Ukrainian Фастів [ˈfɑ.sʲtʲiw] 'Fastiv' See Ukrainian phonology
Urdu صاف [sɑːf] 'clean' See Hindustani phonology
Vietnamese[19] pháo [faːw˧ˀ˥] 'firecracker' See Vietnamese phonology
Welsh ffon [fɔn] 'stick' See Welsh phonology
West Frisian fol [foɫ] 'full'
Yi /fu [fu˧] 'roast'
Zapotec Tilquiapan[20] cafe [kafɘ] 'coffee' Used primarily in loanwords from Spanish

See also[edit]



  • Altendorf, Ulrike; Watt, Dominik (2004), "The dialects in the South of England: phonology", in Schneider, Edgar W.; Burridge, Kate; Kortmann, Bernd; Mesthrie, Rajend; Upton, Clive, A handbook of varieties of English, 1: Phonology, Mouton de Gruyter, pp. 181–196, ISBN 3-11-017532-0 
  • Bowerman, Sean (2004), "White South African English: phonology", in Schneider, Edgar W.; Burridge, Kate; Kortmann, Bernd; Mesthrie, Rajend; Upton, Clive, A handbook of varieties of English, 1: Phonology, Mouton de Gruyter, pp. 931–942, ISBN 3-11-017532-0 
  • Britain, David (2005), "Innovation diffusion: "Estuary English" and local dialect differentiation: The survival of Fenland Englishes", Linguistics 43 (5): 995–1022 
  • Carbonell, Joan F.; Llisterri, Joaquim (1992), "Catalan", Journal of the International Phonetic Association 22 (1–2): 53–56, doi:10.1017/S0025100300004618 
  • Clark, Lynn; Trousdale, Graeme (2010), "A cognitive approach to quantitative sociolinguistic variation: Evidence from th-fronting in Central Scotland", in Geeraerts, Dirk; Kristiansen, Gitte; Peirsman, Yves, Advances in Cognitive Linguistics, Berlin: Walter de Gruyter, ISBN 978-3-11-022645-4 
  • Cruz-Ferreira, Madalena (1995), "European Portuguese", Journal of the International Phonetic Association 25 (2): 90–94, doi:10.1017/S0025100300005223 
  • Dum-Tragut, Jasmine (2009), Armenian: Modern Eastern Armenian, Amsterdam: John Benjamins Publishing Company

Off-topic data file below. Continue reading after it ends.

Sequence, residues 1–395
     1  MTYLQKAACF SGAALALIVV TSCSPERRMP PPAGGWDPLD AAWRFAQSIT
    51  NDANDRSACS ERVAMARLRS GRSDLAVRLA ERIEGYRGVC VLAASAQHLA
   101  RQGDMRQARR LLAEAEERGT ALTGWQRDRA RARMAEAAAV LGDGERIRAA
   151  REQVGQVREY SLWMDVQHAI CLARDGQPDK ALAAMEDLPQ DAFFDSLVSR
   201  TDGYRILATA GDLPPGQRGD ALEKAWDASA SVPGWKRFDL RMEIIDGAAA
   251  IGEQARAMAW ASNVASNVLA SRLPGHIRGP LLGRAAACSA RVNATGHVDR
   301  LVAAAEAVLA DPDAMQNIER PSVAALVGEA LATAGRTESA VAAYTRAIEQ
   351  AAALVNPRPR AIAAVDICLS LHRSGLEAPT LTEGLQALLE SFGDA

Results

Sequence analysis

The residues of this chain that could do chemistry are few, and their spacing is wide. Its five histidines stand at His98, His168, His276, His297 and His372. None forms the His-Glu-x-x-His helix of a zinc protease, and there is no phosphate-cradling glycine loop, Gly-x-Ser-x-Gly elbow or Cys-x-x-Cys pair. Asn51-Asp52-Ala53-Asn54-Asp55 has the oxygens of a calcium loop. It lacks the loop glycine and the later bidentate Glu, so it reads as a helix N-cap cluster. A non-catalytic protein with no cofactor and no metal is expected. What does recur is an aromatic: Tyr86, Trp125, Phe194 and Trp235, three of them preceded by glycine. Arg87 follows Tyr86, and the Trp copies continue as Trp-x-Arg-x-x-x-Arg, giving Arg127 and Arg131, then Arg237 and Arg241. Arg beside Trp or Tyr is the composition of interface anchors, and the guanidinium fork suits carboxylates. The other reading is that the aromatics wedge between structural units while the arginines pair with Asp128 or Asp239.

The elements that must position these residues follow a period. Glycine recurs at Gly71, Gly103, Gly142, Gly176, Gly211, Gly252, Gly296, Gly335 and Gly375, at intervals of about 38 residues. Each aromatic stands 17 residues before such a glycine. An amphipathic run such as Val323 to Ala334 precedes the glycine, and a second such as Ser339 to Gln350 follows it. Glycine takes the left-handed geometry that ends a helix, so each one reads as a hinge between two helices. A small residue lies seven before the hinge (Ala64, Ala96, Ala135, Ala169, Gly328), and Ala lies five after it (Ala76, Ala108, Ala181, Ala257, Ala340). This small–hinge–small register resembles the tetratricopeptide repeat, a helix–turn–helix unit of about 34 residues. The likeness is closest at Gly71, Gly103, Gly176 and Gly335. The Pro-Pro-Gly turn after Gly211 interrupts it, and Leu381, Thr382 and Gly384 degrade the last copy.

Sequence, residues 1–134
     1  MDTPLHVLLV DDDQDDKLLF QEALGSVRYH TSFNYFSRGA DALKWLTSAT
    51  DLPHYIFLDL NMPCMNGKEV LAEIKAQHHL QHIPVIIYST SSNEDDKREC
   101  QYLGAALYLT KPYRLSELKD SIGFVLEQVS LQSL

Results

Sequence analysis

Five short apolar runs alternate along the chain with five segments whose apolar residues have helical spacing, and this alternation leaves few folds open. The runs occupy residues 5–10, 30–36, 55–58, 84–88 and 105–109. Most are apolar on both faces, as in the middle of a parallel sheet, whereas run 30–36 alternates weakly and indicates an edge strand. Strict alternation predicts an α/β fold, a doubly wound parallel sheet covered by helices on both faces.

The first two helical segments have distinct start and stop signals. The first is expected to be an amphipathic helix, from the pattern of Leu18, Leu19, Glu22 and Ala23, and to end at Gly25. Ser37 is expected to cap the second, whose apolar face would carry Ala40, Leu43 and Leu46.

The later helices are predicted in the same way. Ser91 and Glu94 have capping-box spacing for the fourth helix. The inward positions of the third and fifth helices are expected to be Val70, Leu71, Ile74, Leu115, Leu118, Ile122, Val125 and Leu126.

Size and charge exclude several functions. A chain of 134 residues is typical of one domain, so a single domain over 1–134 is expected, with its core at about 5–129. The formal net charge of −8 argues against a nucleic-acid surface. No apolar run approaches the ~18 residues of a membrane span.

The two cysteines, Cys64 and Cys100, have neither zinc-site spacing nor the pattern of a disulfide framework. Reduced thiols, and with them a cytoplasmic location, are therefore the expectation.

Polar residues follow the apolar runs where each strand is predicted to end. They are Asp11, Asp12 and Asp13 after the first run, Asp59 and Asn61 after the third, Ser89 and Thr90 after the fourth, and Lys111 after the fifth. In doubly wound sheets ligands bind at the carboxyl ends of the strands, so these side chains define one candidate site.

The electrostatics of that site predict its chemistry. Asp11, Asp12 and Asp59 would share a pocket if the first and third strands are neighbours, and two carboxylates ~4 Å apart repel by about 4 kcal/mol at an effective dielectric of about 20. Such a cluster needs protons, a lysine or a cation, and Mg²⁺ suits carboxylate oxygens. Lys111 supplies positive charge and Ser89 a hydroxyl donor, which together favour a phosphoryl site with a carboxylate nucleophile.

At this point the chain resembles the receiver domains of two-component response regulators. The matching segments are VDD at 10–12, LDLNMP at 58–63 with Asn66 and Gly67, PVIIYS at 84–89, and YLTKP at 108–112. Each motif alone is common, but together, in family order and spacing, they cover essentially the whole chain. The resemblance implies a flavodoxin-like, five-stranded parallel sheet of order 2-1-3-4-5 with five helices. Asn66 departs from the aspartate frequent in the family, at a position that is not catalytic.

• Fougeron, Cecile; Smith, Caroline L (1993), "Illustrations of the IPA:French", Journal of the International Phonetic Association 23 (2): 73–76, doi:10.1017/S0025100300004874 
  • Gordon, Elizabeth; Maclagan, Margaret (2008), "Regional and social differences in New Zealand: Phonology", in Burridge, Kate; Kortmann, Bernd, Varieties of English, 3: The Pacific and Australasia, Berlin: Walter de Gruyter, pp. 64–76, ISBN 3110208415 
  • Gussenhoven, Carlos (1992), "Dutch", Journal of the International Phonetic Association 22 (2): 45–47, doi:10.1017/S002510030000459X 
  • Jassem, Wiktor (2003), "Polish", Journal of the International Phonetic Association 33 (1): 103–107, doi:10.1017/S0025100303001191 
  • Ladefoged, Peter (2005), Vowels and Consonants (Second ed.), Blackwell 
  • Martínez-Celdrán, Eugenio; Fernández-Planas, Ana Ma.; Carrera-Sabaté, Josefina (2003), "Castilian Spanish", Journal of the International Phonetic Association 33 (2): 255–259, doi:10.1017/S0025100303001373 
  • Merrill, Elizabeth (2008), "Tilquiapan Zapotec", Journal of the International Phonetic Association 38 (1): 107–114, doi:10.1017/S0025100308003344 
  • Padgett, Jaye (2003), "Contrast and Post-Velar Fronting in Russian", Natural Language & Linguistic Theory 21 (1): 39–87, doi:10.1023/A:1021879906505 
  • Rogers, Derek; d'Arcangeli, Luciana (2004), "Italian", Journal of the International Phonetic Association 34 (1): 117–121, doi:10.1017/S0025100304001628 
  • Thompson, Laurence (1959), "Saigon phonemics", Language 35 (3): 454–476, doi:10.2307/411232, JSTOR 411232 
  • Thelwall, Robin (1990), "Illustrations of the IPA: Arabic", Journal of the International Phonetic Association 20 (2): 37–41, doi:10.1017/S0025100300004266 
  • Wells, John C. (1982), Accents of English, 2: The British Isles, Cambridge: Cambridge University Press, ISBN 0-521-24224-X 
  • Wood, Elizabeth (2003), "TH-fronting: The substitution of f/v for θ/ð in New Zealand English", New Zealand English Journal 17: 50–56